Director Troy Miller on His Celebrated Oscar Intro -- and Why You Should Lay Off James Franco

One of the few (if not the only) widely held highlights of Oscar night arrived at the beginning: The short film featuring hosts Anne Hathaway and James Franco bouncing from dream to dream, Inception-style, eventually burrowing into Alec Baldwin's subconscious and inhabiting sequences from Best Picture nominees like True Grit, The Fighter, The King's Speech and Inception itself. The film set a near-perfect tone for light irony and even lighter hosts that the show would not sustain, but at least we have filmmaker Troy Miller to thank in part for getting the broadcast off on the right foot.

The writer-producer-director (pictured above right with Franco, Hathaway and writer Jordan Rubin) phoned this afternoon to chat about his latest work, the art of reverse-engineering comedy, and how his short's success might have slightly worked against his stars as hosts -- oh, and by the way, maybe lighten up on the Franco kid.

Thanks much for the call. I imagine you're in recuperation mode today?

Yeah, a little bit. It's kind of like after the storm comes through, we're kind of righting ourselves, cleaning everything up.

Where did the idea for the opening come from?

I think it probably cam from [producers] Don Mischer and Bruce Cohen. I've done about six of these, and maybe 10 MTV Movie Awards as well. I've kind of been the guy for the Oscars who comes in and does these things -- specifically with Billy, who's the guy who started it for the Academy Awards.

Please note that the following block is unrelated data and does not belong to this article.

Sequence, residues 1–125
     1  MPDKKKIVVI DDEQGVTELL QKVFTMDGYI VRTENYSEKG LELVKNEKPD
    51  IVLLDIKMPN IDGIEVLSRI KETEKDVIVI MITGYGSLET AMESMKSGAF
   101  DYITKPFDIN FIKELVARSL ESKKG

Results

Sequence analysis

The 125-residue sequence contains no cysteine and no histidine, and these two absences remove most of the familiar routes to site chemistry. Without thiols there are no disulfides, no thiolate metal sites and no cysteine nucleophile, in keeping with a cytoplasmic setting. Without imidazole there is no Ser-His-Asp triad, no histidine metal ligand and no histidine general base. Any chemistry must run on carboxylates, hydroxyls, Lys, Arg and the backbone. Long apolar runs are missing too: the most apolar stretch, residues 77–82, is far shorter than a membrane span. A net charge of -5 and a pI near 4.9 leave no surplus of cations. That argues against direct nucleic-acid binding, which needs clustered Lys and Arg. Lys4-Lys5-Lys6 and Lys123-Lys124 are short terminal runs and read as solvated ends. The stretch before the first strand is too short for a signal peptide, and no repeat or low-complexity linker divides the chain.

With Billy?

Yeah, Billy Crystal.

Oh, Billy. Sorry. Duh.

And that was based on what we'd done at the MTV Movie Awards in the few years previous. But this was just Bruce and Don wanting to get out there in a controlled situation and get some big jokes right away so the hosts can walk out to a welcoming crowd.

Going all the way back, how does one get this job in the first place?

I kind of made it. Years ago, back in the mid-'90s or early '90s, Joel Hodgson, Joel Gallen and I were doing the MTV Movie Awards, and we had this idea: How could we take the Brady Bunch and put them into films? And so it became A Few Good Men done with the Brady Bunch. And that evolved. I think we did Twister with Janeane Garofalo and Ben Stiller, and Billy saw that. We said, "Wow, we can blow it out even more with Billy Crystal" -- who really brought it to the forefront with the Academy Awards. And since then, you've seen it on so many other awards, it's become a mainstay.

Ultimately I think it just started in my living room with Joel Hodgson and I riffing on these actors and what we could do. I was such a fan of Steve Martin in Dead Men Don't Wear Plaid, and I think between that and Woody Allen's Zelig, all of us have a debt going back to those guys. They had really been able to repurpose film footage for comedy's sake.

Back to this year: There was a lot of talk before the show about this being a "younger" or "hipper" Oscars. Was that also part of your mandate in making the short?